Does the latest Russian-German deal reflect the spirit of Molotov-Ribbentrop?
Russian state-owned gas giant Gazprom signed a deal June 18 to double the capacity of the Nord Stream gas pipeline that delivers Russian gas directly to Germany. The deal is a precursor to war.
Analysts are wondering: Why would Germany continue to work with Russia’s Gazprom when it is supposedly targeting Russia for its invasion and occupation of Ukraine?
When asked how he convinced Germany’s E.ON, Austria’s omv and British-based Royal Dutch Shell to do business with Gazprom, chief executive Alexei Miller said: “As far as Nord Stream is concerned—there was no politics at all. The decision was taken in November 2011, and all the work has been done based on the decisions taken three years ago.” Continue reading
Did he make this statement because Russia has entered, or will soon enter, another secret pact with Germany?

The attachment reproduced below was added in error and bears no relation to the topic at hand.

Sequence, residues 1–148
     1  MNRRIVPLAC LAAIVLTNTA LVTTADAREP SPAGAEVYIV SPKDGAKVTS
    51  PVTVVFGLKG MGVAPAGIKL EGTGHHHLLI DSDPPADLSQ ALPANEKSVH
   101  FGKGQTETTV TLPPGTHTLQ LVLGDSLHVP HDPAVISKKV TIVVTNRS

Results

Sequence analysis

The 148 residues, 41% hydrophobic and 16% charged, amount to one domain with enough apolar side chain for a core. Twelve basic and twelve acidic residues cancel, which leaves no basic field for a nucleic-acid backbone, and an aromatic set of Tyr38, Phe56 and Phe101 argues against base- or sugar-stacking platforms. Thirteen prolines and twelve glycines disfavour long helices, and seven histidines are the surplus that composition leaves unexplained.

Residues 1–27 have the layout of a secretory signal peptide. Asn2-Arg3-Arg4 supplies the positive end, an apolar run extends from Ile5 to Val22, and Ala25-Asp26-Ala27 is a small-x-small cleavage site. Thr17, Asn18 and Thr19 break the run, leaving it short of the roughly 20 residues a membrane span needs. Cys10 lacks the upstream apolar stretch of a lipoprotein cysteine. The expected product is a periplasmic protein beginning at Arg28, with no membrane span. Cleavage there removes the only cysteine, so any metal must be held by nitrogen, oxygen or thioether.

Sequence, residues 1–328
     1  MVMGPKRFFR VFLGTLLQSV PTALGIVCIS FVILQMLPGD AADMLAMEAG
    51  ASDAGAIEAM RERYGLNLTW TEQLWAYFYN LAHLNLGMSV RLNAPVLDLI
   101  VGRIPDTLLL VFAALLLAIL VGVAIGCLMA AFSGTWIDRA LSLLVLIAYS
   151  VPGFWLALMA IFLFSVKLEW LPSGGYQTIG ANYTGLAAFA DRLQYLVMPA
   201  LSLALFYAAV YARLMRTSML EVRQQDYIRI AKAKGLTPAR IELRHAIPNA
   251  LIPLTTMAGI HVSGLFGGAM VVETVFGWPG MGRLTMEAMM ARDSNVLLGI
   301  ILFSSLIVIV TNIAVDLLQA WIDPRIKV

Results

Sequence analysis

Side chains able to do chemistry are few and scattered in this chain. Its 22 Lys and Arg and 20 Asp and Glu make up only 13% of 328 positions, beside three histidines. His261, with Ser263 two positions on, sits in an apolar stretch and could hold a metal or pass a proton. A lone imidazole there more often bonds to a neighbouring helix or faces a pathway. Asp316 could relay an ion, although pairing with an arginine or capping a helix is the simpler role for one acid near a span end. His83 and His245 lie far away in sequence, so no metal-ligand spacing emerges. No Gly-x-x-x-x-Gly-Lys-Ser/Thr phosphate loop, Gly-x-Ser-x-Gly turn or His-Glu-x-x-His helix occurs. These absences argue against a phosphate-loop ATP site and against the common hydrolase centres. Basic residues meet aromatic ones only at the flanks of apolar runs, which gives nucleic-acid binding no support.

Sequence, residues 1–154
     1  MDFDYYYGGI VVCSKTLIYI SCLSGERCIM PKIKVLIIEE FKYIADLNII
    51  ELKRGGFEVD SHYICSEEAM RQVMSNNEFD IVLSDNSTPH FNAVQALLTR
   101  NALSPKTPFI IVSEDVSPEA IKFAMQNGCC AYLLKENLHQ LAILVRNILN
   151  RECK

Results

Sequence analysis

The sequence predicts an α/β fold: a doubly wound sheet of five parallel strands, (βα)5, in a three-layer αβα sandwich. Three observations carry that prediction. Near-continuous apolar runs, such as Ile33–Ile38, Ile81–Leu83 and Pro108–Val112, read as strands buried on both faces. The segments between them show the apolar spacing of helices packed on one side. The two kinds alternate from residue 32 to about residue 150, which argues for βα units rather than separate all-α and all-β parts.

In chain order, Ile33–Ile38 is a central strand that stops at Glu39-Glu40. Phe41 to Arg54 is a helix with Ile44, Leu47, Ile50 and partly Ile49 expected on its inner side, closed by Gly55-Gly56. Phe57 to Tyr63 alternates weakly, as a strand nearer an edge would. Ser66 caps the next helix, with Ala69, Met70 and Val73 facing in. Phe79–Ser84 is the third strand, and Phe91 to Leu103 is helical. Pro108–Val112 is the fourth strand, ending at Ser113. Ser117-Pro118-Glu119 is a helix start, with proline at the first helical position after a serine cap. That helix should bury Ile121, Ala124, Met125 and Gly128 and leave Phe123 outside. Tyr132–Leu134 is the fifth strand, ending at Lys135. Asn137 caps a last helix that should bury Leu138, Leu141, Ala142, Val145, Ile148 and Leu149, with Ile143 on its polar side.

Russian President Vladimir Putin said November 4 that he sees nothing wrong with the Molotov-Ribbentrop non-aggression pact that the Soviet Union made with Adolf Hitler’s Nazi Germany just days before World War ii broke out.
The Molotov–Ribbentrop Pact was a promise of non-belligerence by either party toward the other. Just a week after it was signed, Germany invaded Poland, officially igniting World War II.
“Serious research must show that those were the foreign policy methods then,” Putin said to a group of young historians in Moscow. “The Soviet Union signed a non-aggression treaty with Germany. People say: ‘Ach, that’s bad.’ But what’s bad about that if the Soviet Union didn’t want to fight; what’s bad about it?” Continue reading